near Ueno. and would later be renamed haiku when presented as a stand-alone work. In 1662 the first extant poem by Bashō was published. Mie. Both Bashō and Yoshitada gave themselves haigō. The sequences were opened with a verse in 5-7-5 mora format. No records of this time remain. which would have promised Bashō a career in the military. recognized for his works in the collaborative haikai no renga form.He wrote this hokku in mock tribute to the Shogun: List of works Haiseiden (Poet's Memorial Hall) in Iga. 1694). who shared with Bashō a love for haikai no renga. Bashō's was Sōbō . Bashō's poetry was quickly recognized for its simple and natural style. Kai Ōi (The Seashell Game) (1672) Minashiguri (A Shriveled Chestnut) (1683) Nozarashi Kikō (Record of a Weather-Exposed Skeleton) (1684) Fuyu no Hi (Winter Days) (1684) Haru no Hi (Spring Days) (1686) Kashima Kikō (A Visit to Kashima Shrine) (1687) Oi no Kobumi. which was built to commemorate the 300th anniversary of Bashō's birth. today. and in 1665 Bashō and Yoshitada composed a onehundred-verse renku with some acquaintances. In 1674 he was inducted into the inner circle of the haikai profession. in Iga Province. in 1664 two of his hokku were printed in a compilation. after centuries of commentary. born Matsuo Kinsaku. Yoshitada's sudden death in 1666 brought Bashō's peaceful life as a servant to an end. this verse was named a hokku. or Utatsu Kikō (Record of a Travel-Worn Satchel) (1688) Sarashina Kikō (A Visit to Sarashina Village) (1688) Arano (Wasteland) (1689) Hisago (The Gourd) (1690) Sarumino (The Monkey's Raincoat) (1691) Saga Nikki (Saga Diary) (1691) Bashō no Utsusu Kotoba (On Transplanting the Banana Tree) (1691)
. as a child. a form of collaborative poetry composition.Matsuo Bashō
1644 – November 28.However. which was simply the on'yomi reading of his adult name of Matsuo Munefusa. but not much chance of a notable life. but it is believed that Bashō gave up the possibility of samurai status and left home. Bashō became a servant to Tōdō Yoshitada . then Matsuo Chūemon Munafus. The hokku would be followed by a related 7-7 mora verse by another poet. most famous poet of the Edo period in Japan. Early life Bashō's supposed birthplace in Iga Province Bashō was born in 1644. His father may have been a low-ranking samurai. he is recognized as a master of brief and clear haiku. or haikai pen names. receiving secret teachings from Kitamura Kigin (1624–1705). It was traditionally claimed by biographers that he worked in the kitchens. Rise to fame In the fashionable literary circles of Nihonbashi.
Heikan no Setsu (On Seclusion) (1692) Sumidawara (A Sack of Charcoal) (1694) Betsuzashiki (The Detached Room) (1694) Oku no Hosomichi (Narrow Road to the Interior) (1694) Zoku Sarumino (The Monkey's Raincoat. Continued) (1698)
4. as the opening verse of a linked poem. and haiga (in combination with a painting).
6. The term 'hokku' continues to be used in its original sense. including the Tokyo National Museum. While they numbered less than 10% of Japan's population samurai teachings can still be found today in both everyday life and in martial arts such as Kendō.Matsuo Basho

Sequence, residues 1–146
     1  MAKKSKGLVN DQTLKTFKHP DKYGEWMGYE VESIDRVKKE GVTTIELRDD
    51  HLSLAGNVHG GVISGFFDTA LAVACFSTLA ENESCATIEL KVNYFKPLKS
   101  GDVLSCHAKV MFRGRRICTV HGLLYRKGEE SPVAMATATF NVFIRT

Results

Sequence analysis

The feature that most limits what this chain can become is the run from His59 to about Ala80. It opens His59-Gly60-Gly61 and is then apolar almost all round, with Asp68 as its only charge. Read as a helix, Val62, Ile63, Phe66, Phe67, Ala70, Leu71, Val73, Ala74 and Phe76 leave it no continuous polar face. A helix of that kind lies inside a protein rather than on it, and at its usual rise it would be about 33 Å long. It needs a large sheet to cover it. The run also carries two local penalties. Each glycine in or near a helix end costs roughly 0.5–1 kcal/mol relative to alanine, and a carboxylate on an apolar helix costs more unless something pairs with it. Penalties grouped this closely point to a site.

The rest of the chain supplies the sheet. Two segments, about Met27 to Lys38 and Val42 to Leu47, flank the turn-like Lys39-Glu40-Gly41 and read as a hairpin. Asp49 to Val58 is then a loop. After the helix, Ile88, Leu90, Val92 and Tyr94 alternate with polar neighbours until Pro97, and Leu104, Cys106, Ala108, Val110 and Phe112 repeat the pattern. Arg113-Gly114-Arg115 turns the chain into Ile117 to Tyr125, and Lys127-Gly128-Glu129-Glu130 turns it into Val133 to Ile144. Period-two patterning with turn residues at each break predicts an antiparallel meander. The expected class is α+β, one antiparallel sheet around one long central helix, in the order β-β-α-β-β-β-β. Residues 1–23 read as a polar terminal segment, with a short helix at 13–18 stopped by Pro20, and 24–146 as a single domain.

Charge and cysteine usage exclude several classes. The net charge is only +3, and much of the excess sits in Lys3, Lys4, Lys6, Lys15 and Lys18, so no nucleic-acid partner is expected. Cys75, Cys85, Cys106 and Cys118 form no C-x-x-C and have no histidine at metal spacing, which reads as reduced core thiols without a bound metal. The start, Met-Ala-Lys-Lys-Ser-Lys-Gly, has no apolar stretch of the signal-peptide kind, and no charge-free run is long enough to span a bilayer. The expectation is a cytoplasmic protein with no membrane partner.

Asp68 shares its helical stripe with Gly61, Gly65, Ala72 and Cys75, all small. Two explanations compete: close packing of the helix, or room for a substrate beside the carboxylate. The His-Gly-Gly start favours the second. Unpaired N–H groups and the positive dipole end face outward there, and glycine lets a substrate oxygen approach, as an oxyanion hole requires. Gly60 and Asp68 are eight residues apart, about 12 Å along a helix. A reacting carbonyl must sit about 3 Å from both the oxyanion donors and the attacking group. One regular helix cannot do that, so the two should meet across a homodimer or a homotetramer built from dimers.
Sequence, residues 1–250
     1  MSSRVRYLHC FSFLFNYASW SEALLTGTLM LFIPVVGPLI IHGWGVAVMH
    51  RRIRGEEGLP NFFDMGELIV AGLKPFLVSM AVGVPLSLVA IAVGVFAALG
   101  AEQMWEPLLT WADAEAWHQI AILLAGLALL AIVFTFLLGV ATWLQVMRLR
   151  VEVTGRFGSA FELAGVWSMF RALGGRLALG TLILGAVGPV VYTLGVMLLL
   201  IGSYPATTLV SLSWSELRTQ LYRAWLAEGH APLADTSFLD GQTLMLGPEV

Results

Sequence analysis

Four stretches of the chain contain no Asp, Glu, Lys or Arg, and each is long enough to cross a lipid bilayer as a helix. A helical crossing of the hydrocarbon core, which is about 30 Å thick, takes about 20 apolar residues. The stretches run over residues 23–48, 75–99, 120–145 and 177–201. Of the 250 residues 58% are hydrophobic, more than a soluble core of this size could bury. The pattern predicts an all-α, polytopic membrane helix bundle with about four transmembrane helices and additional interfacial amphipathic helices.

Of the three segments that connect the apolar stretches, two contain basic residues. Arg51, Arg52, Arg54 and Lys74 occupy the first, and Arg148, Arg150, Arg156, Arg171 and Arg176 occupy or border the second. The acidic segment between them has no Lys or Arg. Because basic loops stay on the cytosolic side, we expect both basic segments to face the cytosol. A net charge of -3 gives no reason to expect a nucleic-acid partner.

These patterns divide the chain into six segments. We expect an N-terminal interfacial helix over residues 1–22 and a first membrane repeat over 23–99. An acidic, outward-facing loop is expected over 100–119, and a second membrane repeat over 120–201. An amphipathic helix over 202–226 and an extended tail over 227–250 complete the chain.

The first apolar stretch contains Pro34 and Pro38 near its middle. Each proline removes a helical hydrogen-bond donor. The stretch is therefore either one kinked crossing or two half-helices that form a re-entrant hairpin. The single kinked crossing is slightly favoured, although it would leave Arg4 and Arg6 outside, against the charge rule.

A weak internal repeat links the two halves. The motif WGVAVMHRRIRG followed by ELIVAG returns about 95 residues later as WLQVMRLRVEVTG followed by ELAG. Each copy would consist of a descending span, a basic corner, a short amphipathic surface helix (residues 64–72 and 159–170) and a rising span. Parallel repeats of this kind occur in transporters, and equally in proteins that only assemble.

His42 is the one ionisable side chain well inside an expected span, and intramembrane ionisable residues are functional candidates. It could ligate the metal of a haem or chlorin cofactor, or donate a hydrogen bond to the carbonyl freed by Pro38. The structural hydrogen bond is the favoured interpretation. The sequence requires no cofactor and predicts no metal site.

1. The samurai followed a set of rules that came to be known as Bushidō. samurai became almost entirely synonymous with bushi and the word was closely associated with the middle and upper echelons of the warrior class. the National Museum of Western Art. renga. running from 1603 to 1868.is the opening stanza of a Japanese orthodox collaborative linked
poem.is the term for the military nobility of pre-industrial Japan. renku (haikai no renga). hokku. although this approach has been challenged. In the late 19th century. and was also incorporated in haibun (in combination with prose). The political entity of this period was the Tokugawa shogunate. or of its later derivative. 7. Ōmi. on an island in Shinobazu Pond. renamed the stand-alone hokku to haiku. meaning the way of the sword. By the end of the 12th century. irrespective of when they were written. Masaoka Shiki (1867-1902).a unit in phonology that determines syllable weight. Edo period – or Tokugawa period is a division of Japanese history which was
ruled by the shoguns of the Tokugawa family. which in some languages determines stress or timing. best known as the home of Ueno
Station and Ueno Park. Iga bordered on Ise. a working class area rather than where the aristocrats and rich merchants lived. the hokku began to appear as an independent poem. including the Bentendo temple dedicated to goddess Benzaiten. and the latter term is now generally applied retrospectively to all hokku appearing independently of renku or renga. From the time of Matsuo Bashō (1644–1694). as well as a major public concert hall. 5. and Yamashiro Provinces.is a poetic genre 3. Ueno. haikai no renga.is a district in Tokyo's Taitō Ward. Iga Province. Ueno is part of the historical Shitamachi (literally "low city") district of Japan.
. mora. Yamato. samurai. and the National Science Museum.
2.was an old province of Japan in the area that is today western Mie
Prefecture. Ueno is also home to some of Tokyo's finest cultural sites. Many Buddhist temples are in the area.
and what Bashō referred to as the "poetic spirit" (fūga). tanka or waka). and the current bridge made of stone dates from 1911.are the logographic Chinese characters that are used in the
modern Japanese writing system 10. haibun. It became a city on November 1.is a poetic genre that includes a number of forms which embrace the
aesthetics of haikai no renga. Mie.Tokyo. Nihonbashi. the shoguns. renku (haikai no renga). or their shikken regents (1203–1333). 13.
9. Japan.(literally. "a commander of a force") was one of the (usually) hereditary military dictators of Japan from 1192 to 1867. renku -the Japanese form of popular collaborative linked verse poetry formerly known as haikai no renga 11. haiga and senryū (though not orthodox renga. is a business district of Chūō. on'yomi.Nihombashi. Iga.8. 2004 as a result of the merger of the old city of Ueno
. 12. were the de facto rulers of Japan though they were nominally appointed by the emperor.is a city located in Mie. including haiku. Shogun. The first wooden bridge was completed in 1603. haikai. Japan which grew up around the bridge of the same name which has linked two sides of the Nihonbashi River at this site since the 17th century. "Haikai" is sometimes used as an abbreviation for "haikai no renga". In this period.